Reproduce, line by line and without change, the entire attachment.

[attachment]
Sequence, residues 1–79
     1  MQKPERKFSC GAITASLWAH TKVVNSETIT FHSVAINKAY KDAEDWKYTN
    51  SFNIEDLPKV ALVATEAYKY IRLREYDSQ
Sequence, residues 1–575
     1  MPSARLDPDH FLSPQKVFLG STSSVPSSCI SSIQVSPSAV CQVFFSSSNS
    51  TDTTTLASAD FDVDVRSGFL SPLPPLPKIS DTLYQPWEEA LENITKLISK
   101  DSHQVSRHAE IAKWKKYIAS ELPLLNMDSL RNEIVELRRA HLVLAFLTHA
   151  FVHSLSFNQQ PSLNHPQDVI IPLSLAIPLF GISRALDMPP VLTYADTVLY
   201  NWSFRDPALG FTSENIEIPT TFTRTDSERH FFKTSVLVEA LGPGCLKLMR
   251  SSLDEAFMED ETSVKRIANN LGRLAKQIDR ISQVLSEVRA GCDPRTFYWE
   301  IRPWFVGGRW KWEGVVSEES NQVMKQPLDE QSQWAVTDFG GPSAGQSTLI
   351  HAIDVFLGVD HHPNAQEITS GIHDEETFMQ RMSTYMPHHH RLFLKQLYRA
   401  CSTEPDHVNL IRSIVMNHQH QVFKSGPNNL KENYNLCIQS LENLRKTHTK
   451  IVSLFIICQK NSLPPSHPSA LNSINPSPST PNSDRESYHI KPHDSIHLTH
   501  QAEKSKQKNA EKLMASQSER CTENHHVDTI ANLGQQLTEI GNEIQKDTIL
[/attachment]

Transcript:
Sequence, residues 1–79
     1  MQKPERKFSC GAITASLWAH TKVVNSETIT FHSVAINKAY KDAEDWKYTN
    51  SFNIEDLPKV ALVATEAYKY IRLREYDSQ
Sequence, residues 1–575
     1  MPSARLDPDH FLSPQKVFLG STSSVPSSCI SSIQVSPSAV CQVFFSSSNS
    51  TDTTTLASAD FDVDVRSGFL SPLPPLPKIS DTLYQPWEEA LENITKLISK
   101  DSHQVSRHAE IAKWKKYIAS ELPLLNMDSL RNEIVELRRA HLVLAFLTHA
   151  FVHSLSFNQQ PSLNHPQDVI IPLSLAIPLF GISRALDMPP VLTYADTVLY
   201  NWSFRDPALG FTSENIEIPT TFTRTDSERH FFKTSVLVEA LGPGCLKLMR
   251  SSLDEAFMED ETSVKRIANN LGRLAKQIDR ISQVLSEVRA GCDPRTFYWE
   301  IRPWFVGGRW KWEGVVSEES NQVMKQPLDE QSQWAVTDFG GPSAGQSTLI
   351  HAIDVFLGVD HHPNAQEITS GIHDEETFMQ RMSTYMPHHH RLFLKQLYRA
   401  CSTEPDHVNL IRSIVMNHQH QVFKSGPNNL KENYNLCIQS LENLRKTHTK
   451  IVSLFIICQK NSLPPSHPSA LNSINPSPST PNSDRESYHI KPHDSIHLTH
   501  QAEKSKQKNA EKLMASQSER CTENHHVDTI ANLGQQLTEI GNEIQKDTIL